The formula to distribute school aid to districts throughout the state has been debated and there have been disagreements even among members of the same political party. Republican Sen. Michael Doherty said he has different priorities than Gov. Chris Christie when it comes to education funding. The senator sat down with NJToday Managing Editor Mike Schneider to discuss what his priorities are and his plan to make the system fairer.
Doherty wants to address abuse of the state lunch program and how officials have been found to artificially lower real estate values to get school aid money.
“This is the kind of fraud that needs to be addressed immediately,” Doherty said. “I don’t think we can wait six months, a year.”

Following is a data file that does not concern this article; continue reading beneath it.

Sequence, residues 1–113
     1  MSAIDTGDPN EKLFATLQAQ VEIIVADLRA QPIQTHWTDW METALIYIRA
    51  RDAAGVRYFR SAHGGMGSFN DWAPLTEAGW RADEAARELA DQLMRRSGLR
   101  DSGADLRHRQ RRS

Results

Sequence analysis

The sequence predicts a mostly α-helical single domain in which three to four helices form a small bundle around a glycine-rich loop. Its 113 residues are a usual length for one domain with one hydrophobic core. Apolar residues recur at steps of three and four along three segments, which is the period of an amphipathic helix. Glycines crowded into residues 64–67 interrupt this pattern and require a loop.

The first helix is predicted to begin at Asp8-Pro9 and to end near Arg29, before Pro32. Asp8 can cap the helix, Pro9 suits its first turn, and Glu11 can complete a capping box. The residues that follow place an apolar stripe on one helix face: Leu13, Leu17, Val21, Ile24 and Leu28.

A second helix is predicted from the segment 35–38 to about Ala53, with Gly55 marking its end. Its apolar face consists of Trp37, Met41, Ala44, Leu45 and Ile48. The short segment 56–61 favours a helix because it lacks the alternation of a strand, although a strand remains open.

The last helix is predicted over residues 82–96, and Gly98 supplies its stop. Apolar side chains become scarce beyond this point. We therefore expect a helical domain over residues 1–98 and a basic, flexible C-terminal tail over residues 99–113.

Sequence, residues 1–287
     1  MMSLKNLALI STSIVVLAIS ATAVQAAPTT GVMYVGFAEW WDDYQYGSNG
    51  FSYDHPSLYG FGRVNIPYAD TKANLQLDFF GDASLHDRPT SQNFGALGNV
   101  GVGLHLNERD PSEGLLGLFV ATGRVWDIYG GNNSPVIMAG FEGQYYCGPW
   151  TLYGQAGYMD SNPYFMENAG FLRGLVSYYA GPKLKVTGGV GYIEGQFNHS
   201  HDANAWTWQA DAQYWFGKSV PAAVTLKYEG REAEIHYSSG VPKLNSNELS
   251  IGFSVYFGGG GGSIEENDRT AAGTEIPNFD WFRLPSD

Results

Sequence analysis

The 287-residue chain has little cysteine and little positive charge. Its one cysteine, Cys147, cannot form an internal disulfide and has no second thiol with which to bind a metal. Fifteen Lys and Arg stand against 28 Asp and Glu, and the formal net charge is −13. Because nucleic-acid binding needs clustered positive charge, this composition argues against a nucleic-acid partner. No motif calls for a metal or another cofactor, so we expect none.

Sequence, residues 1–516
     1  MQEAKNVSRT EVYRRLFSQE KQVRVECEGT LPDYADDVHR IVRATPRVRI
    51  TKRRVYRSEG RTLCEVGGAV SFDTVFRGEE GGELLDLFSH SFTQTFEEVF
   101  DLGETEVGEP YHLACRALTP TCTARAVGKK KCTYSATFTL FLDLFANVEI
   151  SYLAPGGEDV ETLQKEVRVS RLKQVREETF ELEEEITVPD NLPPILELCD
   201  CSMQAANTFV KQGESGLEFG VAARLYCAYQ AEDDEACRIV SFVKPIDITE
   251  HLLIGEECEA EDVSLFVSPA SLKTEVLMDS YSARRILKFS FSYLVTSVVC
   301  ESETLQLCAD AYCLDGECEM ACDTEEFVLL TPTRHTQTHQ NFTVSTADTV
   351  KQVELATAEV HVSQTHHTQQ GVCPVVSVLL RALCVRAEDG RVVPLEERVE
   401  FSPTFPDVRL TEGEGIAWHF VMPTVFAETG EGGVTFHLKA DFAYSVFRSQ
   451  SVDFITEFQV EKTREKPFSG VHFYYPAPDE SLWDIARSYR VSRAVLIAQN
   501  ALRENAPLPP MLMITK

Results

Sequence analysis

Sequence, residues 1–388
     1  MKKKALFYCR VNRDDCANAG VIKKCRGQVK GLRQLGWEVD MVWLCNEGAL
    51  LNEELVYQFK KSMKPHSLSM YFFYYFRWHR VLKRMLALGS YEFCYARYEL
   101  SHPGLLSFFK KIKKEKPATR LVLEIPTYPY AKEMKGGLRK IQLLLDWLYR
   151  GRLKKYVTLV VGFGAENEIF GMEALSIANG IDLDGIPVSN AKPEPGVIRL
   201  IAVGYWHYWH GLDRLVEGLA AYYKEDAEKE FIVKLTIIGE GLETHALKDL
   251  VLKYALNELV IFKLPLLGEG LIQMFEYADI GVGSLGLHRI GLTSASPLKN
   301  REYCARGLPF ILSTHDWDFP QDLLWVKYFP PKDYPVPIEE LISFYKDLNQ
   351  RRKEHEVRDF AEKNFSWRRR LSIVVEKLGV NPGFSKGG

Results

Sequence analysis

Aside from fraud, Doherty thinks the funding formula is flawed because of the discrepancies between municipalities. For example, he said Montville Township residents pay $2,500 in income tax per person and get $300 per student for school aid while Asbury Park citizens pay about $326 per resident in income tax and receive almost $25,000 per student in state aid. Doherty wants to take the pot of income tax money, which he said is a progressive tax that takes more from the wealthy, and divide it evenly among all students in the state.
He said his plan would be more closely follow the state constitution, which “has a section that says the school funds should be annually appropriated equally for the benefit of all residents in the state.”
Doherty added that his suggestion would reduce property taxes for 85 percent of the school districts in the state. “That’s about 80 percent of our folks,” he said.